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Thursday, May 21, 2015

Thursday -- False Breakout, Turtle Soup, Loud & Clear Seasonals

ES Futures:
Down but continue to look corrective.

The only news that matters to me today is that the S&P closed below the previous 2125.92 high, a "false breakout" in technical parlance, and a potential for "Turtle Soup."

Quiet today but for GBP which is showing strength on the back on Cameron's hawkish immigration comments and strong UK retail sales.

Still seeing weird, non-definitive play here.

WTI crude and NG seem to be taking a breather ahead of the long weekend -- unusual for crude which loves to get pumped on oft-cited BS about Memorial Day being the kickoff to the "summer driving season." Whatevs.

Gold has decided to turn lower after yesterday's strong impulse down. Watching this.

S&P Outlook:
There is usually a pre-holiday upward bias to the markets, but with yesterday's false breakout -- which is about as big a deal as a breach of the 50dma to large traders -- there is a real possibility that "Turtle Soup" could come into play.

Turtle Soup is short for "cooking the turtles" and became popular in the early 90s when the Richard Dennis' group of trend followers known as the Turtles got blown out in 1992 due to the lack of breakouts. One of them, Russell Sands, resorted to teaching the highly secretive Turtle method of trend following. As other traders and especially institutional trading desks began to learn when, where & how the Turtles traded, it became great sport to trade against them. The false breakout trade became one of the favorites. Yesterday's action, so far, is almost textbook.

Today, entrepreneurs keep the Turtle dream alive by selling books and webinars that present trend following as the Holy Grail. Trends are persistent today because the Fed has been persistent in managing them, and it seems that everyone's a trend follower now. Even Paul Tudor Jones calls himself one. And a "nationally ranked" options trader that used to trade high-gamma options (aggressive counter trend) now calls himself a trend follower.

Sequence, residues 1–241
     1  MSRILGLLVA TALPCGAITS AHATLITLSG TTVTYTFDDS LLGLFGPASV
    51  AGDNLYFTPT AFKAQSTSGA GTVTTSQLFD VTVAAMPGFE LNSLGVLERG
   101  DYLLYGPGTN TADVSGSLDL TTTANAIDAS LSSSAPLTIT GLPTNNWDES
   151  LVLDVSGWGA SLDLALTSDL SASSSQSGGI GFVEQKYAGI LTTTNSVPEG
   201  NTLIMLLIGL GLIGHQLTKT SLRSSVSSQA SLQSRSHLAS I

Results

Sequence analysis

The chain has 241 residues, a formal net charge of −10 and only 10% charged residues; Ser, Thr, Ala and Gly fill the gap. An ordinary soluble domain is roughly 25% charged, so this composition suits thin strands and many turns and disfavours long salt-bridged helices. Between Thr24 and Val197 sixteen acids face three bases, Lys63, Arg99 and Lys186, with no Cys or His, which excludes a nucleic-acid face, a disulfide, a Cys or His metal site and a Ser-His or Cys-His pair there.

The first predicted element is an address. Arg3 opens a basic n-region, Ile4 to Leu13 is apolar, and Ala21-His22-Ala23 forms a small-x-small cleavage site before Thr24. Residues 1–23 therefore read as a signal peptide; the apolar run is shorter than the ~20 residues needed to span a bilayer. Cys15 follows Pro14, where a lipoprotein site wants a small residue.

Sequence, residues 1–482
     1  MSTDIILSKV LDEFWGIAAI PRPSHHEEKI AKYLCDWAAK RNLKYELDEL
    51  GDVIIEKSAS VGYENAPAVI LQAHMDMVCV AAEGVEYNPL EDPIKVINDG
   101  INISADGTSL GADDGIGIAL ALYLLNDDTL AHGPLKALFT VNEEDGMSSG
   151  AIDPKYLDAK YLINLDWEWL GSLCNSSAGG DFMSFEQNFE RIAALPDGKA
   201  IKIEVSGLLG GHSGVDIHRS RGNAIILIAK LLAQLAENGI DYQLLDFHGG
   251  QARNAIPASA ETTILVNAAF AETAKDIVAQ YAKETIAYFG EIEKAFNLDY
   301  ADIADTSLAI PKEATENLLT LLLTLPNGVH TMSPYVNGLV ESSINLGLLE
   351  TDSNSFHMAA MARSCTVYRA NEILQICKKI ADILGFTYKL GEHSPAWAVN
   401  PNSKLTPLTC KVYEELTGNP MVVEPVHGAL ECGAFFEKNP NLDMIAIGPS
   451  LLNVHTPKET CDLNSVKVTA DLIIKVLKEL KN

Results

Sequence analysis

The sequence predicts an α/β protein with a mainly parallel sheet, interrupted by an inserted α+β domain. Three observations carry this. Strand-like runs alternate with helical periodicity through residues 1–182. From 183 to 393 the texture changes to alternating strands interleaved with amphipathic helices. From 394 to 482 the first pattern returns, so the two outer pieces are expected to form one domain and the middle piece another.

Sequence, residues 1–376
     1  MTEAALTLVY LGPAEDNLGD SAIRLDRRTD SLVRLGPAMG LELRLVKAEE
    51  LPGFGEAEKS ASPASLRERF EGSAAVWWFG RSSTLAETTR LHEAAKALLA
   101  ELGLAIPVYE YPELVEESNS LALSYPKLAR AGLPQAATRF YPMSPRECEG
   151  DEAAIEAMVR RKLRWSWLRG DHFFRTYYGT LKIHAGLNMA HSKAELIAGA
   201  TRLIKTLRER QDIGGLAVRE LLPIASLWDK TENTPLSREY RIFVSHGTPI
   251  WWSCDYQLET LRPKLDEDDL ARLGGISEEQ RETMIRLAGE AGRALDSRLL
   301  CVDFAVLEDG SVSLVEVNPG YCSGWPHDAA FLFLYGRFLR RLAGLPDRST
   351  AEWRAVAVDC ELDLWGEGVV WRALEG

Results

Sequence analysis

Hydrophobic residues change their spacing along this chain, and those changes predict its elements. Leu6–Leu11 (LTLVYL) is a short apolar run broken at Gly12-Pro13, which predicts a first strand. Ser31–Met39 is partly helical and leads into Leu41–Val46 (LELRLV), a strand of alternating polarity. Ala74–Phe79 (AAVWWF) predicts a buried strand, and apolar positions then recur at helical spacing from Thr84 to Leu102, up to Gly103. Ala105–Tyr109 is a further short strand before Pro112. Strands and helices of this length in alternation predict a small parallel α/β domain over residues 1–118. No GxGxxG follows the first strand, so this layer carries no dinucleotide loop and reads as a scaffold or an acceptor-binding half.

As the Fed's trend support wanes, "followers" begins to sound a lot like Lemmings to me, but perhaps not yet.

How do I ride trends? Very carefully. I scale out on the way up rather than add. And rather than add to the position at breakouts which increases my cost basis and leaves me prone to a massive drawdown in a normal correction, I add on retracements and so do with smaller increments. I also trade around the position aggressively and use hedging.

Regardless of all this, I still feel higher highs are on the way, but the gap below and coincident volume shelf make great targets too. I would love to be a buyer there -- 2098.48 and 2100.

If the wedge is correct 2085 or lower could be in play. But for now, there is pre-holiday seasonal strength to deal with. However, if the seasonals don't hold, that will speak loud and clear.

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